Meperidine: Physiological effects

Last modified: Sunday, 31. May 2009 - 5:19 pm

Other than analgesia, the most common Physiological effects produced by medicinal quantities of meperidine are nausea, vomiting, dry mouth, dizziness, constipation, and itchy skin. These relatively harmless side effects typically disappear in most people after taking the drug for several days, or by reducing the dosage. For most people, higher doses of meperidine are more likely to produce side effects. For those who experience side effects at lower doses, any higher dose is likely to make them more pronounced.
Harmful side effects
The complication of greatest concern is respiratory depression. Opioids affect the area of the brain that controls breathing. A large enough single dose of any opioid, including meperidine, can stop breathing completely, resulting in death. Combining meperidine with another central nervous system depressant, such as alcohol or sedatives, is especially risky. While drowsiness itself is not a harmful side effect, it can be dangerous if someone drives or engages in some other activity that requires them to be alert.
Meperidine presents a higher risk for seizures than other opioids. Seizures induced by meperidine also tend to be resistant to treatment with opioid antagonists. Therefore, people with a history of seizures, and those at increased risk for first occurrence of a seizure (such as someone with head trauma) should avoid meperidine if possible. Other potential neurological side effects include tremors, delirium, and hallucinations. These side effects are uncommon, but serious. Some people may have an allergic reaction to meperidine, and severe cases can involve respiratory arrest; cold, clammy skin; generalized weakness; and unconsciousness or coma.
Patients with kidney or liver disease should exercise caution when using meperidine for any length of time. A by-product of meperidine, normeperidine, is broken down in the liver and excreted by the kidneys. Someone with impaired function of either organ may develop high levels of normeperidine, which can be toxic to the nervous system. Some people, especially the elderly, may have no history of kidney or liver disease, but can have reduced kidney and liver function following surgery. Therefore, if elderly patients must be given meperidine, the safest course may be to limit its length of use as much as possible.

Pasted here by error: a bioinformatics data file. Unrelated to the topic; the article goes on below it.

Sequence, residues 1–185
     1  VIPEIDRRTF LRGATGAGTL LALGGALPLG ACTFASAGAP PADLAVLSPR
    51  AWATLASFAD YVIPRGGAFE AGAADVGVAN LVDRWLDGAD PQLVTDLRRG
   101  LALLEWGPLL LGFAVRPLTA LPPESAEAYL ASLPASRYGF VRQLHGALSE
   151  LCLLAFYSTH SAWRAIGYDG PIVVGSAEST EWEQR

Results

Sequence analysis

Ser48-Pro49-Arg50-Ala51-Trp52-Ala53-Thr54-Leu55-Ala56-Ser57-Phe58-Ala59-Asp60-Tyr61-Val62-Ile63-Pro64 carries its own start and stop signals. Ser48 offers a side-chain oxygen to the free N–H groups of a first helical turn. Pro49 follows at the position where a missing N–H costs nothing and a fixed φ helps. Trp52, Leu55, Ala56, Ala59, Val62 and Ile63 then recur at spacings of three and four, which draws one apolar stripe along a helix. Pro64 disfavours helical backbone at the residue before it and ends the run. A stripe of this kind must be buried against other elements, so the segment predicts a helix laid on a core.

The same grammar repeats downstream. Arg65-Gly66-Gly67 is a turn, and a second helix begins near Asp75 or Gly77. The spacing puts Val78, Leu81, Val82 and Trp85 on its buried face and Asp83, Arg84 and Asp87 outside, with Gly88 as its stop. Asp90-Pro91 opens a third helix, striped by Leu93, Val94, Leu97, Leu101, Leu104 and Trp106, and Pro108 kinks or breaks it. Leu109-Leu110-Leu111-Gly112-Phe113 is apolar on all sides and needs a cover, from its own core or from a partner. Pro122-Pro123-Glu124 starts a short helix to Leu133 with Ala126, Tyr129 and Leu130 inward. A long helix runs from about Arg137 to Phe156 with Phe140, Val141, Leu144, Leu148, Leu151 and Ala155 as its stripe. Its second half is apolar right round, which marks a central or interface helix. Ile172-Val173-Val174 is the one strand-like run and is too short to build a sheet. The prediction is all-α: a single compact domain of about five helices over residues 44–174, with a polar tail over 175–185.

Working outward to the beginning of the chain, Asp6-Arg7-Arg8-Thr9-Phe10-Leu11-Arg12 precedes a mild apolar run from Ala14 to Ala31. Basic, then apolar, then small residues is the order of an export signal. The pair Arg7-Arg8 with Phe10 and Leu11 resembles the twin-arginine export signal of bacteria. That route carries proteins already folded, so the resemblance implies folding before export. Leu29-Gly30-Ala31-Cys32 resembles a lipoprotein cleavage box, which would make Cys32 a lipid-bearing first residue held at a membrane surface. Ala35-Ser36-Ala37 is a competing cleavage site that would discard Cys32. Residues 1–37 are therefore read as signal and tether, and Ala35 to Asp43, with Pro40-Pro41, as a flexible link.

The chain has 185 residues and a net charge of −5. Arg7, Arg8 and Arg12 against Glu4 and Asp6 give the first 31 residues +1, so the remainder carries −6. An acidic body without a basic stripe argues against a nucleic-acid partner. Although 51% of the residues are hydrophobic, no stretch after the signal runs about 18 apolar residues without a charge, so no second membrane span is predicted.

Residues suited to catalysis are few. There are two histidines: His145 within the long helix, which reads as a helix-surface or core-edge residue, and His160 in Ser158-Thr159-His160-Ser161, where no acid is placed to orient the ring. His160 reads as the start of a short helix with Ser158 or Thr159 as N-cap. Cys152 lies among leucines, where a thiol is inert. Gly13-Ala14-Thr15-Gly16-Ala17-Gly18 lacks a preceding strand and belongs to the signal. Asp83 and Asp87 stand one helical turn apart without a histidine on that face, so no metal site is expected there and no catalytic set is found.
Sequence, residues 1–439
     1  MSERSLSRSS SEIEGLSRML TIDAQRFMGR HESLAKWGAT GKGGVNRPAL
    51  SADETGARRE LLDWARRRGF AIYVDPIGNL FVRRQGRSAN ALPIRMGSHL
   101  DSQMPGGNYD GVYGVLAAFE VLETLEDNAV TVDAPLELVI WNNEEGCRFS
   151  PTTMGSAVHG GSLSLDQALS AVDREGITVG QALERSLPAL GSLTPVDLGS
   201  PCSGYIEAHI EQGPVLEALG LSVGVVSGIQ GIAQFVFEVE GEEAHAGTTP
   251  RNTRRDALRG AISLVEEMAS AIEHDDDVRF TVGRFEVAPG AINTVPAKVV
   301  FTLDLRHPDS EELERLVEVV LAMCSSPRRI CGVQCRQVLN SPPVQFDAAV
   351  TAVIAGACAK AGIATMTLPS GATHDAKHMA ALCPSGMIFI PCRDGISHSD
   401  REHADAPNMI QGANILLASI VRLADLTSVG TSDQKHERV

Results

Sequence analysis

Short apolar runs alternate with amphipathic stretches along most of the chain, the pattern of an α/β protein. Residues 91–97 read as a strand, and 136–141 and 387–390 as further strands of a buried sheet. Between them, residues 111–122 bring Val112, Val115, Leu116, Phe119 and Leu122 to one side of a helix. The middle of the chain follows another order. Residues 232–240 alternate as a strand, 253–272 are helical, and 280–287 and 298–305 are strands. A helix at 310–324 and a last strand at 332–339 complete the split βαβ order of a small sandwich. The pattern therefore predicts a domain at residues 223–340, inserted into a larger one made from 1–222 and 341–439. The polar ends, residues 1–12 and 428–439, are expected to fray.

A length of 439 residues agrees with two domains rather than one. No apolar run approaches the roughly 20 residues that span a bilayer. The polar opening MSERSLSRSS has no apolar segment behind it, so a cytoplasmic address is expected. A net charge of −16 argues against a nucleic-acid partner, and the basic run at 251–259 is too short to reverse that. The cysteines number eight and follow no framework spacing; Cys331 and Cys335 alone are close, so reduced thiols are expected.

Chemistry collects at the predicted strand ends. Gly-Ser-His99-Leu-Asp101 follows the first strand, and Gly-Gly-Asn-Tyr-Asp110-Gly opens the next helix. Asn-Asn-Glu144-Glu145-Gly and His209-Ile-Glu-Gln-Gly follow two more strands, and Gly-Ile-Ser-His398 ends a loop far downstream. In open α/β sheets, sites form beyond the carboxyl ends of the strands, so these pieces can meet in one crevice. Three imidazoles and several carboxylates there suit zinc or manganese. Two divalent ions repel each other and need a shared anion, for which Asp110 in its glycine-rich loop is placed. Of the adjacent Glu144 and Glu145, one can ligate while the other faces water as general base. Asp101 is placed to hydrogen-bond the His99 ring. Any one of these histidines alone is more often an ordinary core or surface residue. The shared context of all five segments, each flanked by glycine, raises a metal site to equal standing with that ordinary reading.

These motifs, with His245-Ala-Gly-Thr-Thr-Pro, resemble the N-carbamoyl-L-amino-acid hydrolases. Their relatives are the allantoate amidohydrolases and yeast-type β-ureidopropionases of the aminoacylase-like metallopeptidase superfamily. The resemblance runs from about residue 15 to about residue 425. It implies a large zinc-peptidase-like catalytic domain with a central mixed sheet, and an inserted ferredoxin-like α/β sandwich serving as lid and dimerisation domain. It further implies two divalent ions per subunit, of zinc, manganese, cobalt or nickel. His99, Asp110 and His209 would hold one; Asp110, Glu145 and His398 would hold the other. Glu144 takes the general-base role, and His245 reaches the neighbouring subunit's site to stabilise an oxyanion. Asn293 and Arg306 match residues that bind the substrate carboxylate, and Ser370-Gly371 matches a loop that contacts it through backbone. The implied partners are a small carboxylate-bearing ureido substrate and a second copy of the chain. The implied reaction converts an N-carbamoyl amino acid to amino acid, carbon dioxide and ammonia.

Long-term health effects
Direct, negative effects on long-term health from chronic meperidine use are mostly limited to the slight possibility of central nervous system damage. There are surprisingly few other adverse health effects as far as organ or tissue damage is concerned. This is in contrast to most other abused drugs, with alcohol and tobacco being the obvious examples, and does not match the social stigma associated with opioid drugs.
Compared with other drugs, the relative lack of direct organ or tissue damage from meperidine use is counterbalanced by its high risk for abuse and addiction. High addiction potential in a drug typically means a high risk for long-term use. Long-term use can include either years of continual use or a repeated cycle of use and abstinence. The latter can be especially difficult with meperidine, given the potentially serious withdrawal symptoms associated with abruptly stopping the drug. People with meperidine or other prescription drug addiction are less likely to seek professional help than those who abuse illegal drugs. This may be due to a misperception that addiction to prescription drugs cannot or should not be as serious as illegal drug addiction. Unfortunately, self-treating an addiction usually involves abrupt cessation of the drug, with negative health effects.
The longer and more heavy the abuse, and the more suddenly the drug is ceased, the more serious and painful the withdrawal symptoms will be. Symptoms of withdrawal associated with physical addiction can include restlessness, muscle and bone pain, insomnia, diarrhea, runny nose, chills with goose bumps, and involuntary leg movements. The involuntary leg movements associated with opioid withdrawal are what originally led to the phrase “kicking the habit.” In addition, the goose bumps that often occur during withdrawal originated the use of the phrase “quitting cold turkey,” since the person’s skin resembles that of cold turkey skin. Signs of withdrawal associated with psychological addiction include strong dysphoria (feeling badly) and a nearly uncontrollable craving for the drug.

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